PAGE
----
Predictors of help-seeking in the context of mental health and alcohol issues, for hidden veterans in Northern Ireland

Catherine Hitch, Paul Toner, Cherie Armour

Research output: Contribution to conferencePosterpeer-review


Background - It is suspected that Northern Ireland (NI) veterans have higher rates of poor mental health due to exacerbated trauma exposure. However, security issues create the tendency to self-marginalise, therefore, help-seeking (HS) for poor mental health is likely reduced.
Aims - This study examined the predictors of actual HS behaviour, as these findings have implications for veteran care within NI.
Methods – Logistic regression was conducted on data from 603 participants. HS was defined as ever/currently having medication or therapy, with predictors being mental health comorbidities (alcohol, anxiety, depression, PTSD, C_PTSD, dissociation), attitudes towards mental health and transition. Analysis was adjusted for military and demographic factors.
Results – The main predictor of medication use was mental health comorbidity, with higher levels of comorbidity having a greater effect on current use. ‘High comorbid all disorders’ was the most salient predictor (OR4.37 ‘ever’; OR9.64 ‘current), followed by anxiety/depression (OR3.61 ‘ever’; OR4.71 ‘current’) and PTSD with moderate depression/alcohol (OR3.86 ‘current’). Being female (OR3.35) and deployment outside NI (OR2.07) predicted historic medication use. Poor transition, shorter length of service, positive attitudes and mental health diagnosis since discharge had positive but smaller effects on HS via medication. Therapy use was only predicted by transition (OR2.32), length of service (OR.96), attitudes (OR.47) and diagnosis since discharge (OR.13). Current therapy engagement was disregarded from analysis due to lack of variation in responses (not in therapy >90%).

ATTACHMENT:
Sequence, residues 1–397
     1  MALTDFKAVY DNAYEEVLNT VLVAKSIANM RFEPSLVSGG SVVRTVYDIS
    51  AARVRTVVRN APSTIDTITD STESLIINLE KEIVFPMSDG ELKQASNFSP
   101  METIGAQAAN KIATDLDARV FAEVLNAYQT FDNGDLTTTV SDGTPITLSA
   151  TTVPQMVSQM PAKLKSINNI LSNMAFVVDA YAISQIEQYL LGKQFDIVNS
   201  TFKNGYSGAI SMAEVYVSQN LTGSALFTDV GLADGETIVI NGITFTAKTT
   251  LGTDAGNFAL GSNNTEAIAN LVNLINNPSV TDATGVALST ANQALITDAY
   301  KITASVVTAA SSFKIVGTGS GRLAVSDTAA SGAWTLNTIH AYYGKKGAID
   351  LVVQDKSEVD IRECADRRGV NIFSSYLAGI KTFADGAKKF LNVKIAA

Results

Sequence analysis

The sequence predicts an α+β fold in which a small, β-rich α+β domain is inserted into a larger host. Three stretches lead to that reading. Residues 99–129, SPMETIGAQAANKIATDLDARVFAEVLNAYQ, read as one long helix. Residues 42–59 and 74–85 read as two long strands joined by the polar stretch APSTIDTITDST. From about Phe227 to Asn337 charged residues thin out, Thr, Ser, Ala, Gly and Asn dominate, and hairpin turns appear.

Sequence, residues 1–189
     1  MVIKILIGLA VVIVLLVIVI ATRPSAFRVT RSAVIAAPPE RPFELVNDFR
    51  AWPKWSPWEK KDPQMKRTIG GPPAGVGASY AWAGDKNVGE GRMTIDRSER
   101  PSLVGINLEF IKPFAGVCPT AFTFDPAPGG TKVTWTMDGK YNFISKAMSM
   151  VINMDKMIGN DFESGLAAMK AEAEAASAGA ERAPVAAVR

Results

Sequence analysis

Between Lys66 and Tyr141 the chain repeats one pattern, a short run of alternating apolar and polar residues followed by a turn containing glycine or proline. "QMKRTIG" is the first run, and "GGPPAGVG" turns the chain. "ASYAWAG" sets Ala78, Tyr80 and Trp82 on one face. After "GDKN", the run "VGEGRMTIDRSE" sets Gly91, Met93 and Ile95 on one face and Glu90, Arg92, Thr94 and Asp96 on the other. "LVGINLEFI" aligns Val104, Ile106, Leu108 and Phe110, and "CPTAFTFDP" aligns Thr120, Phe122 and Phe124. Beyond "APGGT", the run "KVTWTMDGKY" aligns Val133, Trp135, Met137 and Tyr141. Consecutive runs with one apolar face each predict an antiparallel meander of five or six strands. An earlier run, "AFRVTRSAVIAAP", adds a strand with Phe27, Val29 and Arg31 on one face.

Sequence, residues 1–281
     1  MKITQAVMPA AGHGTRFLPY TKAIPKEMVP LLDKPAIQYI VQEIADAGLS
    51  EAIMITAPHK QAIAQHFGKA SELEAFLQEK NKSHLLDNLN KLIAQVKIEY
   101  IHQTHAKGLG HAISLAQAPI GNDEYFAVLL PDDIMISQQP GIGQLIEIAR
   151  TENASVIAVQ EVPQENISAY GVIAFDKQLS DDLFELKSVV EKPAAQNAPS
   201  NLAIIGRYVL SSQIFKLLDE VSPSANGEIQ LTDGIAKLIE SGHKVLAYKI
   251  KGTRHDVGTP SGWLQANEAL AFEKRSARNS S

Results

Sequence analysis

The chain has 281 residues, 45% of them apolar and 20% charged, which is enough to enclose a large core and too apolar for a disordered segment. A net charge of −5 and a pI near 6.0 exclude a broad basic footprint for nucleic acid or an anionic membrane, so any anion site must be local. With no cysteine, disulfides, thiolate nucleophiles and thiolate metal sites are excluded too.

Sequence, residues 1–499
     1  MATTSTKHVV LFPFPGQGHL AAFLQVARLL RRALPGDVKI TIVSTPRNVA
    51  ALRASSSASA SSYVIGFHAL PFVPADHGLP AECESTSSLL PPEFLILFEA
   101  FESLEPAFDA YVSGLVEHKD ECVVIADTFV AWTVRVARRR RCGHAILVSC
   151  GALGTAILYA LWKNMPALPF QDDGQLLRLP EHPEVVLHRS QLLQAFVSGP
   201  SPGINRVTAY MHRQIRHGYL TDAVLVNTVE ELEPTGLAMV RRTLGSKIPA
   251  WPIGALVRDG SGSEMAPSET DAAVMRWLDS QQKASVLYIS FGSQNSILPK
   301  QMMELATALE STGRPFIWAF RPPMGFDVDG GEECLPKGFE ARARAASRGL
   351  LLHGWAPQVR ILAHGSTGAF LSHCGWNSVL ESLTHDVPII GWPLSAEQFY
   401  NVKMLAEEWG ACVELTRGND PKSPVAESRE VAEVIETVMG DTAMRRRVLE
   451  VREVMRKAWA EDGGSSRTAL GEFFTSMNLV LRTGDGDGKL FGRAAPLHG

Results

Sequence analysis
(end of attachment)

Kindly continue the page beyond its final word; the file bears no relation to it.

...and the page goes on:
Discussion – Therapy and medication use had differing predictors, which is likely due to support service issues and the need to self-marginalise. NI veterans will HS mainly via medication, possibly because medication is free in NI and veterans do not have to disclose their military service within their medical records. Other factors likely drove historic therapy use; it is unclear if therapy was engaged in outside NI where support access is easier. A heavy reliance on social or peer support could act as a proxy for current therapy engagement. Social or informal support also allows veterans to remain hidden.
Original languageEnglish
Publication statusAccepted - 24 Jun 2022
EventCIMVHR Forum 2022 - Canada , Halifax
Duration: 17 Oct 202219 Oct 2022


ConferenceCIMVHR Forum 2022


  • help-seeking
  • alcohol
  • mental health
  • veterans
  • Northern Ireland


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